Munger: Are You A One-Legged Investor In A Butt-Kicking Contest? Apple’s Bear Case – Part 2
In our last post we talked about the importance of probability in the way the world works. One can apply probability to arrive at an estimation of a company’s market cap. For instance, one interpretation of a company’s current market value is that it is a reflection of the market’s view as to the probability-weighted discounted present value of future cash flows to the company’s shareholders. For example, in very simplistic terms, the market cap of Apple Inc. (AAPL) is currently around $500 billion. One scenario (out of many) that could lead the market to arrive at this figure is the following, in which the market views Apple as having a:
- 20% chance of being worth $300 billion as the discounted present value of all future cash flows to shareholders or 20% x $300bn = $60bn expected value
- 40% chance of being worth $400 billion as the discounted present value of all future cash flows to shareholders or 40% x $400bn = $160bn expected value
- 40% chance of being worth $700 billion as the discounted present value of all future cash flows to shareholders or 40% x $700bn = $280bn expected value
The total of all expected values is $60bn + $160bn + $280bn = $500bn in market cap or probability-weighted discounted PV of all future cash flows to shareholders. In other words, of all the future possibilities, there is a 20% chance that Apple's bear case scenario plays out where it’s worth $300bn; a 40% chance that the base case occurs where it’s worth $400bn; and a 40% chance that the upside case occurs where it’s worth $700bn. When you add up the expected values from all the likely scenarios (until the probabilities add up to 100%), you arrive at a probability-weighted discounted present value of future cash flows to Apple's shareholders of $500bn.
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The same concept of probability-weighted outcomes applies in insurance, as well. Except in the case of insurance, the cash flows are flowing in the opposite direction in the form of losses suffered by the company. The math is exactly the same, but instead of valuing cash flows generated by the company for its shareholders, we are valuing the cash flows lost by the company via claims payments to its policyholders. It’s expected equity value in the former and expected obligation or liability value in the latter.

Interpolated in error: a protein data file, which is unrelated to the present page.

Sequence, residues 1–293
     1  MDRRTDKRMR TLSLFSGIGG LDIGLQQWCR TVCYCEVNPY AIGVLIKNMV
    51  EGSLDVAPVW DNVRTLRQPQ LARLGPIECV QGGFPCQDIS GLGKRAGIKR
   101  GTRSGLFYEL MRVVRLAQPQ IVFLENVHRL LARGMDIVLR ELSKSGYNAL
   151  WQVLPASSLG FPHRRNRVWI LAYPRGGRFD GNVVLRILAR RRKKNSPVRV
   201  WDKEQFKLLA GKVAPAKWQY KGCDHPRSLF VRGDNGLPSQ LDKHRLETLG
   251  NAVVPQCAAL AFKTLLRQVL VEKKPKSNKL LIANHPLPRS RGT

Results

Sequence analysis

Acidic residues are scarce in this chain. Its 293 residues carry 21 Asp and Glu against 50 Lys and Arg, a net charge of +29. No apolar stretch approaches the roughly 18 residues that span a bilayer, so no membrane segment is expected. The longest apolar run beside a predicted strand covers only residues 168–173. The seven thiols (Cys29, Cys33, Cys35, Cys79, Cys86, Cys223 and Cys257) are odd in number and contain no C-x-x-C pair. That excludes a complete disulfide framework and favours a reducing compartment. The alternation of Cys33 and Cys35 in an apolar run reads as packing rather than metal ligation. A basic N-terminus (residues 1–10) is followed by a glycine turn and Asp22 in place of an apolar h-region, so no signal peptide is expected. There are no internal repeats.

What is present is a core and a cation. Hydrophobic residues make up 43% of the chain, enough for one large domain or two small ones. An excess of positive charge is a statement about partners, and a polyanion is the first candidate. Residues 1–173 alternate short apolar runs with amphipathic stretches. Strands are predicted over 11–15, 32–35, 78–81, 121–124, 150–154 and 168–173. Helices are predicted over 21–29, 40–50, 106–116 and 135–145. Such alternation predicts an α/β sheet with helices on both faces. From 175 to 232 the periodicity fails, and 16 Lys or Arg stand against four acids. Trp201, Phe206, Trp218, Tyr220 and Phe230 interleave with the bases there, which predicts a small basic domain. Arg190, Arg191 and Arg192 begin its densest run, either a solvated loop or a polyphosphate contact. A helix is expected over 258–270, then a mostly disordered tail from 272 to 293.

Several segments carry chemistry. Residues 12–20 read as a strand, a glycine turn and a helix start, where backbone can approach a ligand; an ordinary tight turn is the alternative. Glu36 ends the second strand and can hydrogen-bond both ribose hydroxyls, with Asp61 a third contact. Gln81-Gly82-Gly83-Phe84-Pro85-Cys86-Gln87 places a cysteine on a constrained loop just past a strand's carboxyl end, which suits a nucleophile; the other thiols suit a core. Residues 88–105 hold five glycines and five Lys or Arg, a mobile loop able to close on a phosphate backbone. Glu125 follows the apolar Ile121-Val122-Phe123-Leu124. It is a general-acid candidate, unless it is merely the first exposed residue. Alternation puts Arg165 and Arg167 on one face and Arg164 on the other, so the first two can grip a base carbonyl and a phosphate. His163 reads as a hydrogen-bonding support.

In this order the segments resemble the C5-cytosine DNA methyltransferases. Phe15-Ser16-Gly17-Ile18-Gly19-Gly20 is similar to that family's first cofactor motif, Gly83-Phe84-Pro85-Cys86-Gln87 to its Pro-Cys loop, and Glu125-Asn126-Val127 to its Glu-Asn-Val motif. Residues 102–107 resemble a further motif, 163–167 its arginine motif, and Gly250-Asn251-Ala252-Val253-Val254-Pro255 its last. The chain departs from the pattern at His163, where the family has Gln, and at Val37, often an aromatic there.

We are convinced that Buffett thinks of risk, be it via investing or via underwriting, using the same approach grounded in probability and expected values.
Above is a simple example of Trump who, during 1 year, can experience NO LOSS or a LOSS of -$100. Trump has ONLY two possible scenarios, each with a probability of 50%, that can occur during the year. When you multiply the 50% probability to the “Loss/Person” and “Premium/Person”, you end up with a probability-weighted expected “Loss/Person” and “Premium/Person” – the difference is the probability-weighted expected underwriting profit (loss) per person for the year.
As one can see, if we assume the insurance company is charging Trump a premium of $50 in both scenarios, scenario 1 with NO LOSS results in the company profiting $50 from underwriting. In scenario 2, with a -$100 LOSS, netted against the $50 premium charged to Trump, an underwriting loss of -$50. If one probability weights (with 50% probability) each of the scenarios, the expected underwriting profit of each scenario yields $25 and -$25, respectively. Adding them together, we get an expected value of $0 or break-even underwriting profit.
The problem in this case is that these expected values are “expected” over many trials. What we have here is a single coin flip where you’ll either gain $50 or lose -$50. If you could only make this coin flip once a year, is this a coin flip you would make? I wouldn’t. Even if the premiums were higher, the degree of gain and loss would be fairly wide.
The only way to make this a relatively safe coin flip is to charge a premium of $100, to be covered in the case there is a loss of $100. If there isn’t, then a profit of $100 is made.
But what happens when we add more policyholders?
You’ll notice above that the expected underwriting profit per person is still $0 on an aggregated basis, but the range of expected values has tightened from a max profit of $12.50 to a max loss of -$12.50, which is considerably a much more palatable set of outcomes vs. the previous situation where the max expected profit was $25 and the max loss was -$25. In other words, the law of large numbers has allowed the set of outcomes to wrap tighter and tighter around the net expected value of $0 of underwriting profit. See what happens when we add even more policyholders:
The more policyholders are in the pool, the more scenarios of LOSS and NO LOSS combinations there are, such that the probability of the worst case scenario of ALL policyholders experiencing a LOSS (max expected underwriting loss) becomes a smaller and smaller percentage of the increasingly larger and larger set of outcomes. Hence, as we see above, when there are 16 potential scenarios among 4 different policyholders, the maximum expected underwriting loss is -$3.13 with maximum expected underwriting profit of $3.13, both of which had been probability-weighted by 6.25% or 1 out of 16 outcomes.
Munger: Are You A One-Legged Investor In A Butt-Kicking Contest? Apple's Bear Case - Part 2 by S&C Messina